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Applying Strategy to Multiple Stocks - FAIL

Forgive me if this has already been asked. How does one effectively apply an algorithm to multiple stocks? I have a strategy that works well against a pool of over 300 stocks however I'm not sure how to implement in the IDE.

For example, the strategy declares dozens of arrays and variables, however these need to be stock specific. When iterating over a list of stocks, any array that is initialized gets applied to each stock.

Will I need to declare 6000 arrays in the IDE to give each stock individual treatment, or is there an easier way?

# Put any initialization logic here.  The context object will be passed to  
# the other methods in your algorithm.

import talib  
from datetime import datetime  
import numpy as np

def initialize(context):  
    context.max_notional = 100000

    context.stocks = [symbol('AAPL'),symbol('MSFT'),symbol('SPY'),symbol('CHI'),  
                     symbol('NVDA'),symbol('PLL'),symbol('PDCO')]  
    set_benchmark(symbol('SPY'))  
    context.lookback = 500

    context.charttype = '1d'  
    context.stock_specfic_array = []#needs to be specific to given stock



def handle_data(context, data):  
    for stock in context.stocks:  
        prices_open = history(context.lookback, context.charttype, 'open_price')[stock]  
        prices_open = list(prices_open.values.flatten())    

        context.stock_specfic_array.append(prices_open[-1])  
        print context.stock_specfic_array[-1]#has data from all stocks :(  
        print stock  
8 responses

Yes I see your problem. Do you really have dozens of variables and arrays (for each stock) that you need to capture for use after the complete iteration of all of your stocks?

Yes, the strategy writes prices values to various arrays over the course of several days to a couple weeks and then evaluates them for setups.

Interesting. I'm new here so I haven't tried something like this yet. I did some Googling and couldn't find anything about memory limits on Quantopian, though I'm sure there are. If you put massive amounts of data into dozens of arrays, you may hit a memory limit issue. The only real way is to find out. You probably don't need to declare each array manually, you can use a Python Dictionary data-structure; key being the symbol/sid and value initialized to an empty array. You can do it in a for-loop in your initialize function.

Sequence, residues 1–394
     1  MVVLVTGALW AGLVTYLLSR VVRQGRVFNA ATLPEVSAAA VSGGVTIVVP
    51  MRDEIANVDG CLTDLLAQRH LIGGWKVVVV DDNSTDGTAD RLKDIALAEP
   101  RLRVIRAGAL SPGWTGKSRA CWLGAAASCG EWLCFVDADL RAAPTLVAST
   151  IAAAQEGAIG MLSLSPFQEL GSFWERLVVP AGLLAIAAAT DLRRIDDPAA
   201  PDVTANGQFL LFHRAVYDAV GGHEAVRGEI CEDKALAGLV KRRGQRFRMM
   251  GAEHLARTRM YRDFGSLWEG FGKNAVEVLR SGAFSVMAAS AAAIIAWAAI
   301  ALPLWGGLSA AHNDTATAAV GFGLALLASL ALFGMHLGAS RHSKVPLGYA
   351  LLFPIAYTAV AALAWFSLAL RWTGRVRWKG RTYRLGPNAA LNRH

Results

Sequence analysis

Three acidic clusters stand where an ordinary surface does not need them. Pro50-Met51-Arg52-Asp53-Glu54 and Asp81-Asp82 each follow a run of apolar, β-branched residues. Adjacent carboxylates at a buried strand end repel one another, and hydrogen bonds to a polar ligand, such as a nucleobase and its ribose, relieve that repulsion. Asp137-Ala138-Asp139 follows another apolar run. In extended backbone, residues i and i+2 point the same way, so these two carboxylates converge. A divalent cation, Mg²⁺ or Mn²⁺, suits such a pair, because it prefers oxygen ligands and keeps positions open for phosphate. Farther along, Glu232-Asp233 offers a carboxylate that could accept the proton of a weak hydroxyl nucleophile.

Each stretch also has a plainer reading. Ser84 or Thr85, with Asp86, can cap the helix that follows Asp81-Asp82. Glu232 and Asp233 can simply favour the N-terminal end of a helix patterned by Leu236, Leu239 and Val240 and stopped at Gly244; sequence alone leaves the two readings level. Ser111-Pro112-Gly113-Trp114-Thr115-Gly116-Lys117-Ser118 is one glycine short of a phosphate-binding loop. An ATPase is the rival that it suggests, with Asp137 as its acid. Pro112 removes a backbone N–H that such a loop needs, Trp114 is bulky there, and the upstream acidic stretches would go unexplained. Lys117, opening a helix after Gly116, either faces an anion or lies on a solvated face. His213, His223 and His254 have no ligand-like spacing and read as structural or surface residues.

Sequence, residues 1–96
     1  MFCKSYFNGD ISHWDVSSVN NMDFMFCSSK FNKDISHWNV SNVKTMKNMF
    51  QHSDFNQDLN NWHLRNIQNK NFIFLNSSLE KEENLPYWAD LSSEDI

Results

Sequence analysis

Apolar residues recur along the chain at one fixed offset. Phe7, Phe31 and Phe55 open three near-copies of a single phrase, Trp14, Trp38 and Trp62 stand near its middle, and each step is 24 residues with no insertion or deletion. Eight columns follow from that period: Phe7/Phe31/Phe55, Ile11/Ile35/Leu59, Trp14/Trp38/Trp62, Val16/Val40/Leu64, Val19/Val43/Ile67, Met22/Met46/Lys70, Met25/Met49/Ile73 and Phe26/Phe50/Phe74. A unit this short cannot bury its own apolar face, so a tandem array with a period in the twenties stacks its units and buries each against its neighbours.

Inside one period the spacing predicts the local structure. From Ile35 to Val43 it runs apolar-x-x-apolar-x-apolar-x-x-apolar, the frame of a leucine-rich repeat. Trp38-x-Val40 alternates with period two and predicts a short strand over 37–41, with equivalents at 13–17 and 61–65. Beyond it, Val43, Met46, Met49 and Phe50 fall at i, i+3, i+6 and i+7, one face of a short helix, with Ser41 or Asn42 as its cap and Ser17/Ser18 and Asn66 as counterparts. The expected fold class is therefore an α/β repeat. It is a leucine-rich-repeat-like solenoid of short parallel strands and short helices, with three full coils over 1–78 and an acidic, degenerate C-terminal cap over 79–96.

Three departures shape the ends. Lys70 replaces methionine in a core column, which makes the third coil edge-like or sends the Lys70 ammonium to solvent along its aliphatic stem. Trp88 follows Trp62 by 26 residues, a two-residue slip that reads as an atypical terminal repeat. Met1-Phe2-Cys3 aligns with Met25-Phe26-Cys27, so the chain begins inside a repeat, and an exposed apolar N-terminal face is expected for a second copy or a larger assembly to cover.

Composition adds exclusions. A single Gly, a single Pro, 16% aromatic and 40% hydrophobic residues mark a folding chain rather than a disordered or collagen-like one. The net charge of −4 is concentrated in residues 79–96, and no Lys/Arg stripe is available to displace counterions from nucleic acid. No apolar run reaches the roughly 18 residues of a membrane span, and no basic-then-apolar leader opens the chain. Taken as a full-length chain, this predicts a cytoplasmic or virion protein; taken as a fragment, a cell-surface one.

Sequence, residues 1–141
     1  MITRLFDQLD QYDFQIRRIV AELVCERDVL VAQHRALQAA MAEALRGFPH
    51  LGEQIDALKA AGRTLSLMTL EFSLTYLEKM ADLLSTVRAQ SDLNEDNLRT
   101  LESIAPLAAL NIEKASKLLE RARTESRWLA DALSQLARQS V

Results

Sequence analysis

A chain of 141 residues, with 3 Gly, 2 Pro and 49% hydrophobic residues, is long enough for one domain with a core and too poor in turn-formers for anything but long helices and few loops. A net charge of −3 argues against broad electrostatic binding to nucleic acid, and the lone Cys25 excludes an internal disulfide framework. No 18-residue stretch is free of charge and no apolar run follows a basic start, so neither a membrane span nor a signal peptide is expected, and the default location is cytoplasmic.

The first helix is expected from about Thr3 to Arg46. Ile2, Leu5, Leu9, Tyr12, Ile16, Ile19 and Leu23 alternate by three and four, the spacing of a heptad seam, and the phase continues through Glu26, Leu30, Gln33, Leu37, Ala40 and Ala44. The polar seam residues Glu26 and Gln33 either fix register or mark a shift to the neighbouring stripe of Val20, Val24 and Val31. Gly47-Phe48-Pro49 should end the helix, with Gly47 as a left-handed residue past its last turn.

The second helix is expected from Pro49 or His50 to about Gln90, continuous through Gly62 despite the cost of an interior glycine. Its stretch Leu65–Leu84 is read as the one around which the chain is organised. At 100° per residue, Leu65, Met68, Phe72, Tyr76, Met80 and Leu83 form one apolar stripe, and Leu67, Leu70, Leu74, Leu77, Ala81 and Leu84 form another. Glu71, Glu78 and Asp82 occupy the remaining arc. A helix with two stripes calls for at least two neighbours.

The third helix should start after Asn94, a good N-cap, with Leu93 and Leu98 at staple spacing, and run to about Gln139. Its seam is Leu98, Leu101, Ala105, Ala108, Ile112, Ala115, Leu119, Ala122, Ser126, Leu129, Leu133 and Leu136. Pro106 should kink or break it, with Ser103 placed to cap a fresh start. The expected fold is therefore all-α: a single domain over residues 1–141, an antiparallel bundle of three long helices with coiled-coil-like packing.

Chris, does your algo really require storing prices, since you can use history() to retrieve prices anytime? Similarly, if you're storing price-based indicators, couldn't you instead recompute them whenever you need them? As long as your computations don't take too long and cause timeout errors, computing everything on demand makes your algo better able to handle restarts in live trading.

Think you can create a class and init eack stock to have it's own properties...Have not created classes in quantopian yet...I'll try it and let you know.

class MyStock:
# class variable shared by all instances

def __init__(self, stock):  
    self.name = name    # instance variable unique to each instance  
    self.stock_specfic_array=[]
# Put any initialization logic here.  The context object will be passed to  
# the other methods in your algorithm.

import talib  
from datetime import datetime  
import numpy as np  
class myStock:  
    stock_specfic_array = []  
    def __init__(self, name):  
        self.name = name  
def initialize(context):  
    context.max_notional = 100000

    context.stocks = [symbol('AAPL'),symbol('MSFT'),symbol('SPY'),symbol('CHI'),  
                     symbol('NVDA'),symbol('PLL'),symbol('PDCO')]  
    set_benchmark(symbol('SPY'))  
    context.lookback = 500

    context.charttype = '1d'  
    context.stock_AllMySpecfic_array = []#needs to be specific to given stock



def handle_data(context, data):  
    for stock in context.stocks:  
        prices_open = history(context.lookback, context.charttype, 'open_price')[stock]  
        prices_open = list(prices_open.values.flatten())  
        #if you want to append more info for the same stock I would either add more properties to the calss or I would give different name  
        #eg: stock + '_' + i (i is just number times handle-data was called for that specific stock  
        stk = myStock(stock)  
        stk.stock_specfic_array.append(prices_open[-1])  
        context.stock_AllMySpecfic_array.append(stk)  
    # reading from stock_AllMySpecfic_array  
    for myStock in  context.stock_AllMySpecfic_array:  
        y = myStock.stock_specfic_array  




Thanks all. I believe I can work around this by moving my entire handle_data into another function and then feed it the historical data.

You might find this post relevant, it's simple design pattern for going from one to many stocks.